The SESDA Heliophysics group was involved in numerous paper and poster presentations at the American Geophysical Union (AGU) meeting in New Orleans Louisiana in December 2017. The meeting was marked by a keynote speech by veteran news anchor Dan Rather. The group’s presentations spanned a diverse range of topics that included: highlights of the 2017 Total Solar Eclipse across America which was the most viewed eclipse in history; 3D visualization of the Sun using observations from the upcoming Parker Solar Probe and Solar Orbiter missions; a community-developed open-source Python software library (SunPy) for analyzing solar data; the novel detection of quasi-periodic pulsations in the Earth’s ionosphere that are synchronized with solar activity; and anticipated results from the FOXSI SMEX mission that combines state-of-the-art grazing-incidence focusing optics with pixilated solid-state detectors to provide direct imaging of hard X-rays in solar flares.

SESDA Science Writers Publicize New Results from OCO-2

January 12, 2018

SESDA science writers developed and published a feature story that provides an overview of how high-resolution satellite data from NASA’s Orbiting Carbon Observatory-2 are revealing the subtle ways that carbon links everything on Earth – the ocean, land, atmosphere, terrestrial ecosystems and human activities. Scientists using the first 2 1/2 years of OCO-2 data have published a special collection of five papers in the journal Science that demonstrates the breadth of this research. In addition to showing how drought and heat in tropical forests affected global carbon dioxide levels during the 2015-16 El Niño, other results from these papers focus on ocean carbon release and absorption, urban emissions and a new way to study photosynthesis. The image shows variations in CO2 over LA and the nearby desert. Credit: NASA/JPL-Caltech/Google Earth

SESDA Team Member Wins Award

December 19, 2017

Michelle Smith, ADNET’s lead communications specialist for the Geostationary Operational Environmental Satellites (GOES)-R team, was a recipient of the U.S. Department of Commerce 2017 Outstanding Support and Employee of the Year award for “dedication and creativity in driving public interest in the mission and supporting media engagement to ensure that the public is well informed of the benefits of GOES-R.” She was also a recent recipient of the prestigious Robert H. Goddard Exceptional Achievement Award for Outreach.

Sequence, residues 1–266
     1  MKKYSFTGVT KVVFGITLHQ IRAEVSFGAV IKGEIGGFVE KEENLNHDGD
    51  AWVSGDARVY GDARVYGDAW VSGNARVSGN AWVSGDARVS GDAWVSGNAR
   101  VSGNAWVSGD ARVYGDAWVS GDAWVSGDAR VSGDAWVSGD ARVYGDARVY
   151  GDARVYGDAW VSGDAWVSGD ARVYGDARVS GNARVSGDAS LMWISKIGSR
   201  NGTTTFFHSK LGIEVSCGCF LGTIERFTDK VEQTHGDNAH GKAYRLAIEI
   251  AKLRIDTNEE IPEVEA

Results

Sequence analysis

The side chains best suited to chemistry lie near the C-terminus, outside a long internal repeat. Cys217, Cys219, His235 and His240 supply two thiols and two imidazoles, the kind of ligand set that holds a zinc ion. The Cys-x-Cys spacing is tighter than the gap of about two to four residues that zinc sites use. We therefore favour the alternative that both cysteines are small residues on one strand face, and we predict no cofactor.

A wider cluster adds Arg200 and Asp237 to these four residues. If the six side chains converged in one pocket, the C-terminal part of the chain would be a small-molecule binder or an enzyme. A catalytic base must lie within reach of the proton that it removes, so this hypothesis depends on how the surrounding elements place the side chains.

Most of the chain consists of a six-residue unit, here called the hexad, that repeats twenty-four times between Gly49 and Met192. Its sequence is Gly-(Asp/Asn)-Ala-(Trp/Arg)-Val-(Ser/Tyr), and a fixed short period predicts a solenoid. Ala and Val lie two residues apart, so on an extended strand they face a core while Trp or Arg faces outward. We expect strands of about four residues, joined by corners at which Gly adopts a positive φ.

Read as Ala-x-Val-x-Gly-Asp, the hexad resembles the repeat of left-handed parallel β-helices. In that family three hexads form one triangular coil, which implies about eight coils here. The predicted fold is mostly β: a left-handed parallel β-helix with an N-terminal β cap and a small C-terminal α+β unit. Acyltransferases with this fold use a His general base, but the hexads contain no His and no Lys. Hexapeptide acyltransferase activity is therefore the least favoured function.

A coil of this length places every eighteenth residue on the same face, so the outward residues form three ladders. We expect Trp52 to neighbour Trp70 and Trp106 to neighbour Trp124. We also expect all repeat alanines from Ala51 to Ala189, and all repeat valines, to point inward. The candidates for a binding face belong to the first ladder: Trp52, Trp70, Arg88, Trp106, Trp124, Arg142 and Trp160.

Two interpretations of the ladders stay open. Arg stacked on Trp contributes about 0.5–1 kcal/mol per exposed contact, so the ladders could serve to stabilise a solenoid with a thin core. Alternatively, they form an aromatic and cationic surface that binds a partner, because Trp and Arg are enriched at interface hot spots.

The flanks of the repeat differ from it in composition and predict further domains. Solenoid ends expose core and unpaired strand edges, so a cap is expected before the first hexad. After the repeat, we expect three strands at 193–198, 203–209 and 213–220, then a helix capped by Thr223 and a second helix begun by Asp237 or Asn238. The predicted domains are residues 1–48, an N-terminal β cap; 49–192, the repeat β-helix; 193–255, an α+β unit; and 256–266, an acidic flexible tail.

WMAP Team Wins Breakthrough Prize

December 7, 2017

On December 3, 2017, the Wilkinson Microwave Anisotropy Probe (WMAP) science team was awarded the 2018 Breakthrough Prize for Fundamental Physics ( The WMAP team, led by Dr. Charles Bennett of Johns Hopkins University, was an international team of 27 scientists and includes the following current or former ADNET employees: Michael Greason, Robert S. Hill, Michele Limon, Nils Odegard and Janet Weiland.

WMAP launched on June 30, 2001. Over the course of its nine year mission, it mapped the residual radiation emitted 375,000 years after the Big Bang across the entire sky. The science team used this information to measure the age (13.77 billion years), composition (4.6% atoms, 24% dark matter, 71.4% dark energy) and shape (flat) of the universe. Further information can be found at

The Total Solar Eclipse of 2017

August 28, 2017

Over the last three years, SESDA staff comprising the NASA Heliophysics Education Consortium (HEC) has been planning and designing the largest education event that NASA has ever attempted – the August 21st, 2017 Total Solar Eclipse. Staff scientists, computer system professionals, web developers, education technology specialists, and educators successfully brought the event to fruition in Carbondale, IL for a weekend of eclipse programs and celebrations at Southern Illinois University culminating with a 4 hour NASA EDGE webcast. SESDA staff coordinated the efforts of over 100 NASA and external groups, 300 Subject Matter Experts, and 94 official NASA eclipse sites around the country. Preliminary results indicate over five billion web hits and 200 TB of downloaded data..